President Trump on Friday signed a series of executive orders making it easier to fire federal government workers and to curb the workplace role of unions that represent them.
Andrew Bremberg, the head of the White House Domestic Policy Council, said the president was “fulfilling his promise to promote more efficient government by reforming our Civil Service rules.”
Unions representing government workers were quick to denounce the actions, calling them an “assault on democracy,” in the words of the American Federation of Government Employees, the largest federal employee union, which represents 700,000 workers.
- The first executive order makes it easier to fire and discipline federal employees. The administration said it could take six months to a year to dismiss an employee for poor performance, followed by an average of eight months to work through appeals. To streamline the process, the official said, the executive order will reduce the period in which poor performers must demonstrate improvement to 30 days, from as many as 120 days.
- The second executive order directs federal agencies to renegotiate contracts with unions representing government employees to reduce waste. The administration official expressed hope that, for example, agencies could stop having to pay expenses of both sides when unions undertake appeals on behalf of fired workers.
- The third order aims to cut down on what is known as “official time,” in which government workers who have roles in the union, like helping colleagues file grievances, are allowed to perform those roles during normal working hours for which they draw their usual salary. The order limits official time to 25 percent of their hours during the year. Administration officials said a subset of federal employees had been able to spend as much as 100 percent of their duty hours on union business.
In regards to point number three, it would seem like 10% is more than generous. Strike that. There should not be public unions in the first place.
The unions of course responded with their usual charges.
“This is more than union busting — it’s democracy busting,” J. David Cox Sr., national president of the American Federation of Government Employees.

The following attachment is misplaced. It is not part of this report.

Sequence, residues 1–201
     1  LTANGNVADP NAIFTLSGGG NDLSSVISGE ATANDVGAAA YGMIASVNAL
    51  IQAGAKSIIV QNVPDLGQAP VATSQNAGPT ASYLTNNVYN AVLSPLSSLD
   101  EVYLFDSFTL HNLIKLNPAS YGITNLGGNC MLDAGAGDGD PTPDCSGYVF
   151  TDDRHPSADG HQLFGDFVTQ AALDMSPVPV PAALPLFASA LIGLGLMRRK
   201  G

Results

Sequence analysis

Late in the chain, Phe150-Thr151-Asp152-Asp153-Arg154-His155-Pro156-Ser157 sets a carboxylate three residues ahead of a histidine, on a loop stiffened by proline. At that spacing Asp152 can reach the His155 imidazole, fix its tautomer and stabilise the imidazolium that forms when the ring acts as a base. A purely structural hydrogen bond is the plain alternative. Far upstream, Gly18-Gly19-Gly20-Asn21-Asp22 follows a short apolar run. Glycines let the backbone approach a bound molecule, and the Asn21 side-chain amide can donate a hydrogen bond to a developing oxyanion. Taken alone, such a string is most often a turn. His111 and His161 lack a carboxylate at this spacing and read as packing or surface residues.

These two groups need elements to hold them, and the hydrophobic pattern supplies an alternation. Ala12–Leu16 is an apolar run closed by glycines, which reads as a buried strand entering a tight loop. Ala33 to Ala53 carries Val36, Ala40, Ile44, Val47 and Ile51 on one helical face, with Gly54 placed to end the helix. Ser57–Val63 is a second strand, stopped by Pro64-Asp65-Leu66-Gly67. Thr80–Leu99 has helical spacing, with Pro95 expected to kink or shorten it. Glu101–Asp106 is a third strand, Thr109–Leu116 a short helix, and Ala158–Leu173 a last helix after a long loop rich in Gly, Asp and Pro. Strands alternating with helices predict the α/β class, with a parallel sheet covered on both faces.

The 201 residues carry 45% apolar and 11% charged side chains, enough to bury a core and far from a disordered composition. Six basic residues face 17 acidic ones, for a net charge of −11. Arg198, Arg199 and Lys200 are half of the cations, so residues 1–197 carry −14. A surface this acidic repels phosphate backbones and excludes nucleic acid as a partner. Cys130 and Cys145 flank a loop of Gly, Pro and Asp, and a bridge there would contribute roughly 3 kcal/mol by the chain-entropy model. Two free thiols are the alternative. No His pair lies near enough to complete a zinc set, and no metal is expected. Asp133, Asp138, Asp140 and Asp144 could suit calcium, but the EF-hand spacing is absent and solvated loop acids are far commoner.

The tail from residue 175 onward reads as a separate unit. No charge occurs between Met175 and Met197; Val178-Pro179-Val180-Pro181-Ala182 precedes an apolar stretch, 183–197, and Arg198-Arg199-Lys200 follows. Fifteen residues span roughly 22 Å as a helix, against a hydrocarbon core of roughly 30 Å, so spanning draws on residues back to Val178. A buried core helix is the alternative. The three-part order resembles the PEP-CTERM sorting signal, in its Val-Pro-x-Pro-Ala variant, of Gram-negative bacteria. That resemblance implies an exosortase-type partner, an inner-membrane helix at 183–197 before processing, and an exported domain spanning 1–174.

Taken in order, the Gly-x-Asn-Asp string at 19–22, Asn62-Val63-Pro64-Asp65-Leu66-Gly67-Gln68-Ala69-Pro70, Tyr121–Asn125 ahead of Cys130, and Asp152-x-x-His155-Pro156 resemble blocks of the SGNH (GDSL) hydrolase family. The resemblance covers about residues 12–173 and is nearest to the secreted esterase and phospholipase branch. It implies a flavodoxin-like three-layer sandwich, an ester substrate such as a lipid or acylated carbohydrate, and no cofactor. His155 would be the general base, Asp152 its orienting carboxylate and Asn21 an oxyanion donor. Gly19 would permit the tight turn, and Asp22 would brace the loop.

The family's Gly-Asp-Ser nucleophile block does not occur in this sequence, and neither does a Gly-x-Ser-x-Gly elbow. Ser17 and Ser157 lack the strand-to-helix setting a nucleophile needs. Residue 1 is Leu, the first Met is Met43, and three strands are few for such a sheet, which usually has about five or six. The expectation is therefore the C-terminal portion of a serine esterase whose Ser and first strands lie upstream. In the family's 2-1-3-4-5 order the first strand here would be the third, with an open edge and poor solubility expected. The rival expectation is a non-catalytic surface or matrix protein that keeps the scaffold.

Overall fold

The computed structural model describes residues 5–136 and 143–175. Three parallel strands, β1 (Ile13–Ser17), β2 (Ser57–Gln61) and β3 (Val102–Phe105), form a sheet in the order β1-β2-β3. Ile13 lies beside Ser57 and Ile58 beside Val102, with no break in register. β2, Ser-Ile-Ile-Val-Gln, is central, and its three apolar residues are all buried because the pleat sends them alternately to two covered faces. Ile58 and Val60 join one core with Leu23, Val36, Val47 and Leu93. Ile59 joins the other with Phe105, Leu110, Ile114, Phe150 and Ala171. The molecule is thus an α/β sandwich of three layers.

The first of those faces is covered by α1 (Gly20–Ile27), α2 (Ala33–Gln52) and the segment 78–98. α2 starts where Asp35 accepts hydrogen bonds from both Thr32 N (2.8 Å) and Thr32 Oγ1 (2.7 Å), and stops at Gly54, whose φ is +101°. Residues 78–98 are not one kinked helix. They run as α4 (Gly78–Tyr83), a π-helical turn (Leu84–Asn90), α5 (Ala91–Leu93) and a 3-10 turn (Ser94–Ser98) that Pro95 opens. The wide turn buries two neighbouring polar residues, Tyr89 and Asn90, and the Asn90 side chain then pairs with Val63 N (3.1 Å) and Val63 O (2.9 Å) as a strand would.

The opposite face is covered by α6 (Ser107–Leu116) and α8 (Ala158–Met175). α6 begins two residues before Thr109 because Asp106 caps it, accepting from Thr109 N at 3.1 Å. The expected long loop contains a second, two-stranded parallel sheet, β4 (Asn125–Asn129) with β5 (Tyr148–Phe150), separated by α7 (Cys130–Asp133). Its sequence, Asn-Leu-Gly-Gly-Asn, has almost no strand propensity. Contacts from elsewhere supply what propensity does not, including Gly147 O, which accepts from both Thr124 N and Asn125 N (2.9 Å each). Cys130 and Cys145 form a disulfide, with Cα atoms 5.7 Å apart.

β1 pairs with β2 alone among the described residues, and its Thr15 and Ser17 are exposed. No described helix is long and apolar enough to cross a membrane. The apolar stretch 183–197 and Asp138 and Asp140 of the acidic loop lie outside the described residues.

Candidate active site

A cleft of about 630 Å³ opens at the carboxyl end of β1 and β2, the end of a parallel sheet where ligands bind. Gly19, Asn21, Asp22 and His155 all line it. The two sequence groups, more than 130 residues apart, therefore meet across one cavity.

Please be serious.
The body of the New York Times article changed as I was cutting snips. Some portions of the above text may not appear in the refreshed article.
Court Ruling Coming Up
The US Supreme Court has agreed to hear the case of Janus vs AFSCME.
At issue are the constitutionality of laws in 22 states that force public employees who do not want to belong to unions to pay unions “agency fees” for bargaining collectively on their behalf. The plaintiff — Illinois state worker Mark Janus — argues that agency fees violate his First Amendment rights of freedom of speech and association by compelling him to underwrite union political activity with which he disagrees.
The expected outcome will reduce public unions by as much a 726,000.
That's a start. but 726,000 is only 10%. The goal should be 100%.
Roosevelt on Public Unions
All Government employees should realize that the process of collective bargaining, as usually understood, cannot be transplanted into the public service. It has its distinct and insurmountable limitations when applied to public personnel management. The very nature and purposes of Government make it impossible for administrative officials to represent fully or to bind the employer in mutual discussions with Government employee organizations.
Particularly, I want to emphasize my conviction that militant tactics have no place in the functions of any organization of Government employees. Upon employees in the Federal service rests the obligation to serve the whole people, whose interests and welfare require orderliness and continuity in the conduct of Government activities. This obligation is paramount. Since their own services have to do with the functioning of the Government, a strike of public employees manifests nothing less than an intent on their part to prevent or obstruct the operations of Government until their demands are satisfied. Such action, looking toward the paralysis of Government by those who have sworn to support it, is unthinkable and intolerable. It is, therefore, with a feeling of gratification that I have noted in the constitution of the National Federation of Federal Employees the provision that "under no circumstances shall this Federation engage in or support strikes against the United States Government."
End Collective Bargaining
There should be no collective bargaining by public unions because there should be no public unions. The goal should be to get rid of them all.
Mike "Mish" Shedlock